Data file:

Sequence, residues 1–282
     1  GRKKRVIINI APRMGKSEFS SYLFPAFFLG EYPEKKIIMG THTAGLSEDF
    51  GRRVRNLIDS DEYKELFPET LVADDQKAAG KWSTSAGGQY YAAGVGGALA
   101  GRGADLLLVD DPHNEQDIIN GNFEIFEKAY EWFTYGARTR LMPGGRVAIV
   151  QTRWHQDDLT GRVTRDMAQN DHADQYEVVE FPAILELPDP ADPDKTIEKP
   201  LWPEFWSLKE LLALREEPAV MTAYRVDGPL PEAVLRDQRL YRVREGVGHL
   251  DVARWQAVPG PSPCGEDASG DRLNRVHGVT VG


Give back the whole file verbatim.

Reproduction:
Sequence, residues 1–282
     1  GRKKRVIINI APRMGKSEFS SYLFPAFFLG EYPEKKIIMG THTAGLSEDF
    51  GRRVRNLIDS DEYKELFPET LVADDQKAAG KWSTSAGGQY YAAGVGGALA
   101  GRGADLLLVD DPHNEQDIIN GNFEIFEKAY EWFTYGARTR LMPGGRVAIV
   151  QTRWHQDDLT GRVTRDMAQN DHADQYEVVE FPAILELPDP ADPDKTIEKP
   201  LWPEFWSLKE LLALREEPAV MTAYRVDGPL PEAVLRDQRL YRVREGVGHL
   251  DVARWQAVPG PSPCGEDASG DRLNRVHGVT VG